• Watch the PHLX Housing Sector Index (HGX). A move to 248 breaks a triple bottom.
  • The Transports met their long-term price objective earlier this week at 4900 on a 25x3 PnF scale.
  • While just about everything else has long-term technical issues according to DeMark signals and PnF work, one area that doesn't is the Drugs sector. And note that is the one of the few enjoying some green today. A move to 340 on a 5x3 scale for the Amex Drug Index (DRG) would break a quadruple top, clearing resistance going back to May 2005.
  • Isn't this redundant?

I am Mr. Rorque, your host. - Todd Harrison - 11:30 AM

The hectic frenzy settles in as our collective heads quiet the spin. A snapshot of the action finds the S&P slightly below the all-important 1315 level and the NDX well below the nearest-term support (1680). NDX 1650 (200-day) and 1635 ('06 lows) are the next levels of lore for the four-letter freaks.

Breadth is fugly, monsiour (2:1 negative on the S's and 3:1 negative for the Nazz) and our financial duopoly is supportive of further drip (watch Citi $50). Over in commodity land, the metals steadied the first wave of supply, in no small part to the fact that the dollar has reversed its early jig and is currently 10 bips to the bad.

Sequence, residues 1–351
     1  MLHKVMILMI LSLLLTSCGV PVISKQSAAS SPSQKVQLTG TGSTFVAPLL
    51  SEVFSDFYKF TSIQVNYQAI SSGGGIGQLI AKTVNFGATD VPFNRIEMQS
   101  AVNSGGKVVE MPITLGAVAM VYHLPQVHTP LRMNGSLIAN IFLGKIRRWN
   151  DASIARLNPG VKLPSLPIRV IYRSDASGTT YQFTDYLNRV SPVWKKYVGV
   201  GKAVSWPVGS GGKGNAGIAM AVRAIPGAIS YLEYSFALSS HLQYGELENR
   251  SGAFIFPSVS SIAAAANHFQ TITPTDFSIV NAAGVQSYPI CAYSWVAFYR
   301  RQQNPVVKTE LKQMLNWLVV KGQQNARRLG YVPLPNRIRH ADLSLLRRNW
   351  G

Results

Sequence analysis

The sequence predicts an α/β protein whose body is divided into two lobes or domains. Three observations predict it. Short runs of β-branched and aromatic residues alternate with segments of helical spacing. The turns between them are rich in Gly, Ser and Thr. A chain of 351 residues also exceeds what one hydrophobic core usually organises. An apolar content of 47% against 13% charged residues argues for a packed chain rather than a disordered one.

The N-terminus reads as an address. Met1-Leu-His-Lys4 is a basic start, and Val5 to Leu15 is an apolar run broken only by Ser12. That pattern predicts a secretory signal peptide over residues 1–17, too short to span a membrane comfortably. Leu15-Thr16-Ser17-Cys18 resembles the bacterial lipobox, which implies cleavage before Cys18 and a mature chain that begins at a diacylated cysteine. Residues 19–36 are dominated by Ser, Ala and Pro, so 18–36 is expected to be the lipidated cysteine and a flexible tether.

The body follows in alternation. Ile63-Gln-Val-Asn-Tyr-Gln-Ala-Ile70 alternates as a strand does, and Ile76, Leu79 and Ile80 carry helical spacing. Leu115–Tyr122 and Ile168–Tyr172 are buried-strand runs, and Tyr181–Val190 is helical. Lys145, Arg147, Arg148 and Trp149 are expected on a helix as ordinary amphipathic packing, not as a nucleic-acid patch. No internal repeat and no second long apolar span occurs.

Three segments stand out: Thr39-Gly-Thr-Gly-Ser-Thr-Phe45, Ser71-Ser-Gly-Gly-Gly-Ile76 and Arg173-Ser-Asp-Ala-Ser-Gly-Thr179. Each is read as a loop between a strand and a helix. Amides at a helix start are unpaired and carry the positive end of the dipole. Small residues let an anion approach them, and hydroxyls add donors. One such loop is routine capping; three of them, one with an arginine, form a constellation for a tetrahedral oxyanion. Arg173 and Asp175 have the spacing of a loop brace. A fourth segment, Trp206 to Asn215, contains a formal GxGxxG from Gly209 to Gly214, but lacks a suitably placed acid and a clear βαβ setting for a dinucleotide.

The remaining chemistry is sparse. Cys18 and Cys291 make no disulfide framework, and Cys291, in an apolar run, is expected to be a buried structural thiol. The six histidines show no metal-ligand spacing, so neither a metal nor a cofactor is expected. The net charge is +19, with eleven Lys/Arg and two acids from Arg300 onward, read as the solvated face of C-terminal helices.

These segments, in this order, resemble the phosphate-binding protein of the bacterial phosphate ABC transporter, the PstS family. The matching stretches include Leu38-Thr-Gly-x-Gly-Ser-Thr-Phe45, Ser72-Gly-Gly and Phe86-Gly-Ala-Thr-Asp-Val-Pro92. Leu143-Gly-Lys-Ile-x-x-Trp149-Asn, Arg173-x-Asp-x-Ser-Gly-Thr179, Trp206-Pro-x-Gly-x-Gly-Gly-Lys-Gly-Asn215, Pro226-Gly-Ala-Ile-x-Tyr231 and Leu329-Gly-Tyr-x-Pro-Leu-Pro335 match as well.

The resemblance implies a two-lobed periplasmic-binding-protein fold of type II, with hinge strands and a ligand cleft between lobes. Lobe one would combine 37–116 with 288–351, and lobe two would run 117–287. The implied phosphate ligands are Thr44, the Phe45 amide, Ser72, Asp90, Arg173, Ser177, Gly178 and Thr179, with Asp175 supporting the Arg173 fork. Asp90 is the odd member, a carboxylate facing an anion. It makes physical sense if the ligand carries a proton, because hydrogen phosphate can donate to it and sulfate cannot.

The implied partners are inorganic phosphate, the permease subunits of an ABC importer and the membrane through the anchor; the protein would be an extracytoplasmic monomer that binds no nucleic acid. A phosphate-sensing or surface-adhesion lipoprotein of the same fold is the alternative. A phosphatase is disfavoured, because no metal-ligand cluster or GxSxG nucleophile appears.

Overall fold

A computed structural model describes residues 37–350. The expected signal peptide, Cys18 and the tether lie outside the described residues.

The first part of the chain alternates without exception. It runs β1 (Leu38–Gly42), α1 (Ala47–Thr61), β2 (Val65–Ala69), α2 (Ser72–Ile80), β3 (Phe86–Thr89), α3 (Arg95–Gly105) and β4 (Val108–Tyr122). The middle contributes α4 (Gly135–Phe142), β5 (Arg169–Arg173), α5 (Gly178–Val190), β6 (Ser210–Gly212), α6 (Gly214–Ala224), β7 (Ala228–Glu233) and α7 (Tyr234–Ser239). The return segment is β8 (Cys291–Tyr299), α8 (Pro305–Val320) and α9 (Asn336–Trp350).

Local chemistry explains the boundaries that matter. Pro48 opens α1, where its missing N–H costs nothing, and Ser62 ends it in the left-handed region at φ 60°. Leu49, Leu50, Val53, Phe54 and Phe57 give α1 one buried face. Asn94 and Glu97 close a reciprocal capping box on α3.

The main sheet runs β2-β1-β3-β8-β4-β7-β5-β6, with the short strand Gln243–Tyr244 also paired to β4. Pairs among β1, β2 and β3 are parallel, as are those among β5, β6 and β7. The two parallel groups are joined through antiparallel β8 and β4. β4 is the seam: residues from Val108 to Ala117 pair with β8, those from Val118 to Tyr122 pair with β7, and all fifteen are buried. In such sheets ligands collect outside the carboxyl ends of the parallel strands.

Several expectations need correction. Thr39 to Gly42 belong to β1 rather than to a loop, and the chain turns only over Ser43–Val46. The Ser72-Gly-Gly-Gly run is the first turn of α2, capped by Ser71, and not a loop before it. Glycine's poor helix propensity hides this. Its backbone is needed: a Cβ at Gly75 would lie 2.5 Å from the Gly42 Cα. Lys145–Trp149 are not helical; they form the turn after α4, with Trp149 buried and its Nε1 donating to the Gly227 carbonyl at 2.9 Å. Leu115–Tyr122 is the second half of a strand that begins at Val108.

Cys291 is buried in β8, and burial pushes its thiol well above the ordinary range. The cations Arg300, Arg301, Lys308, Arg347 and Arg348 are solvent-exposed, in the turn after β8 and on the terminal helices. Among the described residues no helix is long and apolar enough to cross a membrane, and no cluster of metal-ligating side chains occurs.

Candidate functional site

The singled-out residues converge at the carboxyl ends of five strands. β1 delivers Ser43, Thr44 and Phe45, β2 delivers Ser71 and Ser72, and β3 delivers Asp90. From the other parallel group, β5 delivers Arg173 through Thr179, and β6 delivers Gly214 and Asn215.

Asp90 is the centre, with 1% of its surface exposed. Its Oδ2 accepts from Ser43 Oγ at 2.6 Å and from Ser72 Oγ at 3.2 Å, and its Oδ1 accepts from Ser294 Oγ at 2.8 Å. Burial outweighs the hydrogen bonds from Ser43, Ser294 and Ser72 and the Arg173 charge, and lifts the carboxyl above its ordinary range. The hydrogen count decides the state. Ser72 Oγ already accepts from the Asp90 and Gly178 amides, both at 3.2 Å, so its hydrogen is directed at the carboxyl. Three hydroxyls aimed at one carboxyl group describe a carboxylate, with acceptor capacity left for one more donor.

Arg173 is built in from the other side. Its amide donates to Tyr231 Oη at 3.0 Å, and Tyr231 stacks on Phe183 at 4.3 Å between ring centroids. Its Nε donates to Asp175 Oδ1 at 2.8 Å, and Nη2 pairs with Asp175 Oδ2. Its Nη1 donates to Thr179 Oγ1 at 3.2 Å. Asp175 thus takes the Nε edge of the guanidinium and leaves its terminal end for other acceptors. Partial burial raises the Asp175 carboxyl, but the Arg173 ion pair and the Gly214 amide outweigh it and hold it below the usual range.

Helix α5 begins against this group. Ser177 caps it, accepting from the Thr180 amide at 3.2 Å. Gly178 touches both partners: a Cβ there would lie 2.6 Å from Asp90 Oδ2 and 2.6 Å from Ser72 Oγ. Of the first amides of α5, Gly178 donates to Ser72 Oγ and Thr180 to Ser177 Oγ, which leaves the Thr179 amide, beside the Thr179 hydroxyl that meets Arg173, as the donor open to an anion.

While alotta eyes remain pegged to the inevitable all-time highs, I've got my right hand up as I manicure my risk. There are select names I wanna buy on dips (SunMicro comes to mind) and a slew on my wish list if and when some serious slippage occurs (WFT, metals, energy) but, as it stands--and as I sit--I continue to 'trade around' my short bias in the financials and have tight stops on my 'pure trades' (such as Microsoft).

Just another day on Paradise Island, my friends, so keep your eyes peeled for da plane or, as the case might be, some helicopters.